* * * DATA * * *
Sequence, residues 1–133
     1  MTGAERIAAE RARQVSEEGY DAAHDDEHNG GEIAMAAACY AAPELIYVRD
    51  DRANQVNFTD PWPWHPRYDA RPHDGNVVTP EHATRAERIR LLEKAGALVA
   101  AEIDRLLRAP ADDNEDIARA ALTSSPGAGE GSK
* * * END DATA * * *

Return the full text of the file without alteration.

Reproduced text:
Sequence, residues 1–133
     1  MTGAERIAAE RARQVSEEGY DAAHDDEHNG GEIAMAAACY AAPELIYVRD
    51  DRANQVNFTD PWPWHPRYDA RPHDGNVVTP EHATRAERIR LLEKAGALVA
   101  AEIDRLLRAP ADDNEDIARA ALTSSPGAGE GSK